What Is Built-in Wi-Fi?

A device that has built-in Wi-Fi has an internal adapter that is able to receive and connect to available wireless networks. If the network requires a password, it must still be entered in order for the device to connect.

Wi-Fi refers to a wireless network that becomes available when in range of a router. A modem modulates and demodulates the analog signal from a cable or telephone line into data, essentially connecting the attached devices to the Internet. A router takes this data and transforms it into a radio signal that broadcasts within a vicinity. This is known as a Wi-Fi network. Devices that are able to connect to Wi-Fi networks, such as ones with built-in Wi-Fi, can convert the signal back into data and communicate with the router, allowing it to access the Internet without being attached to the modem.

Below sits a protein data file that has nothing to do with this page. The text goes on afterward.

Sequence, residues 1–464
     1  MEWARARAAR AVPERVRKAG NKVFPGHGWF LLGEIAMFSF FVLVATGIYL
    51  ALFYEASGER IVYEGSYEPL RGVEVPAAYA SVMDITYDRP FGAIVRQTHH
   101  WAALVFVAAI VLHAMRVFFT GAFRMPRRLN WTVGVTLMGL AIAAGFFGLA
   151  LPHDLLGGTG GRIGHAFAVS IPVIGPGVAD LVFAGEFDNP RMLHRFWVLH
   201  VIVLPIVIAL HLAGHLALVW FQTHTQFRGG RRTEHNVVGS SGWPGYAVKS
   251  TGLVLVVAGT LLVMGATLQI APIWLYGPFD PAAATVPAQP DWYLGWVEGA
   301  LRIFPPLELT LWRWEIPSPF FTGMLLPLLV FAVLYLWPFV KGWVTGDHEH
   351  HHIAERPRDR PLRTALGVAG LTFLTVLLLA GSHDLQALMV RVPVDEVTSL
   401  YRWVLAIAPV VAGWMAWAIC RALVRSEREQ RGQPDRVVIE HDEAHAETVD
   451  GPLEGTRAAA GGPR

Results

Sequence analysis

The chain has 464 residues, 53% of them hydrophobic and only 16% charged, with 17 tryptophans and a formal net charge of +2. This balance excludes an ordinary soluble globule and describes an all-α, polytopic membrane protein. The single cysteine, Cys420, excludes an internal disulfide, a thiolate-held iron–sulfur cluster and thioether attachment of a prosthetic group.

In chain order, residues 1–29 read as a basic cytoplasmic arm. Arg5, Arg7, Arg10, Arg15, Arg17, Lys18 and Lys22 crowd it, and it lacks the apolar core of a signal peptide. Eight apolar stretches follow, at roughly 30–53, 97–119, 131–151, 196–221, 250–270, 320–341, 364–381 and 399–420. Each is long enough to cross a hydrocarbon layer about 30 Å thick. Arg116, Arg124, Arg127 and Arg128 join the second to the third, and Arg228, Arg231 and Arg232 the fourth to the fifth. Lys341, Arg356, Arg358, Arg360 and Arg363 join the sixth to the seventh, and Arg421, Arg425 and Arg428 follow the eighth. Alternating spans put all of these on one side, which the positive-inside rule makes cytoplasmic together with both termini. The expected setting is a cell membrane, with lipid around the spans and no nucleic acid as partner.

Some things to look out for when looking at devices with built-in Wi-Fi is the difference between "built-in Wi-Fi" and "Wi-Fi ready." Devices that have built-in Wi-Fi can connect to a network out of the box, but devices that are Wi-Fi ready require a separate adapter to do so. The ready part merely means it has a port for an adapter, which is an important thing to keep in mind when selecting a product.